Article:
Why the heck would you climb the Kilimanjaro
for? That is generally the question one would ask! To wake up
at half way, at 2 am, being short of breath on the verge to bring
up? Is the sight of the summit the real motivation then? If you
are unlucky, the sky will be clouded over but even with clear
weather, it will not be "out of Africa".
Why would one go there then? Well, I have flown several times
over this majestic volcano with its snow-capped peak in the middle
of the African continent. The sight impressed quite much and
I began to dream about climbing this mountain.
Once I was decided to go, I went in search of a tripmate who
would accept to follow me in the adventure. I found it, asking
Bernard Lambert who later turned out to be the ideal partner.
The Kilimanjaro is the largest volcano on the planet.
It has quite impressive dimensions: 80 km at the foot and about
6000m (19,340 feet) high, it can be seen from hundreds of kilometres
It contains 4 ecological zones:
Climate : damp and warm
22° C to 28° C
Moor, heathers and flora
Climate : dool and foggy
Climate: warm at day, cool at night
Stone, everlasting snows, glaciers
Climate : cold and windy
-5° C to -25° C
We rapidly decided ourselves for an individual trip and a few
weeks after, we had established our itinerary, a Strasburg-Amsterdam-Arusha
Tanzania flight. We had to find a tour operator which could offer
a trekking service.
After having actively searched the internet and gone over with
about ten offers, we choose Zara Travel in Moshi lying at the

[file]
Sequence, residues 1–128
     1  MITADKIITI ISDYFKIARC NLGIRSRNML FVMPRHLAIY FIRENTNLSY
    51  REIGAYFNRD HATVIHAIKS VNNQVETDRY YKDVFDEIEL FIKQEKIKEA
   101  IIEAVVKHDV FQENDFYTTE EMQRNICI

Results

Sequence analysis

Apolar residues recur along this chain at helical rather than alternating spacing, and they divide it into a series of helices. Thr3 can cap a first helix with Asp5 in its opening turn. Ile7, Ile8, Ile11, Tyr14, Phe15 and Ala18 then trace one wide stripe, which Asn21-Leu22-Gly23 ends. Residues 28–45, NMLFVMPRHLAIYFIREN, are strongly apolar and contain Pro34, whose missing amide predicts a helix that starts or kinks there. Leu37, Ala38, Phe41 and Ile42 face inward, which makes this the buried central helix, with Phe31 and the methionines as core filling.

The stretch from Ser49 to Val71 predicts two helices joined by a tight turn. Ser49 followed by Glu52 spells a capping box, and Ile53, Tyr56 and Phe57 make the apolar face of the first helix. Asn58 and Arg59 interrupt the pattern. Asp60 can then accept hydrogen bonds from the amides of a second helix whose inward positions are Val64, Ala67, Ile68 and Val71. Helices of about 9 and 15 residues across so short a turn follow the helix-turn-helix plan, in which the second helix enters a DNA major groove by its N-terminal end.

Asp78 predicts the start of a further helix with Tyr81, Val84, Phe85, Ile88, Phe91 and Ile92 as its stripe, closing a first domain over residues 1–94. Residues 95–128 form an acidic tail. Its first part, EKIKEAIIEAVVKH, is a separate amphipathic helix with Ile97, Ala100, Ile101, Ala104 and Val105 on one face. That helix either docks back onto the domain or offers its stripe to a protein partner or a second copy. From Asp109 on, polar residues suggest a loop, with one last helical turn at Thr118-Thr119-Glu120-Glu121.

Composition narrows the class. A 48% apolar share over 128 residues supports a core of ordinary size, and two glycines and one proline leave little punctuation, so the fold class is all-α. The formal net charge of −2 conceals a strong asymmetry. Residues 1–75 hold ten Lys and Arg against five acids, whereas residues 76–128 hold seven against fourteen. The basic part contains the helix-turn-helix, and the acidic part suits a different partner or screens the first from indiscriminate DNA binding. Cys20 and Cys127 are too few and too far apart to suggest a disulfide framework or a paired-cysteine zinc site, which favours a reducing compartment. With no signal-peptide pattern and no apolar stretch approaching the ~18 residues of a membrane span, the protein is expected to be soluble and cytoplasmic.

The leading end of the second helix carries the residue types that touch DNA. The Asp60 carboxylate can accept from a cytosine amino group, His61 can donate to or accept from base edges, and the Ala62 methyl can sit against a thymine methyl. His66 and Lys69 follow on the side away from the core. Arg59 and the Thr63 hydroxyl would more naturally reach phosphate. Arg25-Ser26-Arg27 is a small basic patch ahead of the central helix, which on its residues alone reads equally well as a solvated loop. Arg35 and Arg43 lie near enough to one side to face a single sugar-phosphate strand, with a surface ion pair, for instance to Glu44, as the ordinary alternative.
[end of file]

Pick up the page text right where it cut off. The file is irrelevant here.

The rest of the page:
foot of the Kilimanjaro.
We found very complete lists of material on the internet ( sleeping
bags, warm clothes) and a whole lot of medicines against paludism,
an altitude sickness (really frequent), which provokes vomiting,
vertigo and diarrhoea. We obviously also got vaccinated against
Climbing does not involve any particular difficulty, it is mainly
a question of endurance and physical altitude adapting capabilities.
You have to be ready to walk 1000m in height every day.
According to a swiss investigation, it is not advised for the
body to go more than 400m in height if you are not used to it
and if the altitude is already over 2500m. This is why the Kilimanjaro
is considered a dangerous mountain. The climate is another factor
of tiredness especially at my age.
We had been warned and we had worked on our condition (outings
in the Alps, the Vosges, running, cycling, etc
) we were
1st day: Departure on September the19th
Strasburg, Amsterdam flight at
6:30 am, arrival at the Kilimanjaro airport at 8:25 pm, then
we were taken 80km away by minibus to the Springland hotel in
Moshi (125.000 inhabitants) at the foot of the Kilimanjaro.
2nd day: relaxing day at the hotel
Surprise! The Kilimanjaro
and its summit surrounded with clouds can be seen very well from
the hotel. The mountain and its impressive size are majestic.
You would say that it belongs to another world.
At 5.00 pm, briefing in the hotels garden, numerous instructions
which will be useful during the ascent! We are encouraged to
keep a clear mind to arrive not only at Gilman's Point but also
to reach the summit Uhuru Peak (=freedom peak). We are also told
not to get influenced by other people discouraging discourses
when they come back from the summit.
3rd day: Marangu Gate to Mandara Hut (2700m)
Greg, an Australian guy will make the ascent with us, our group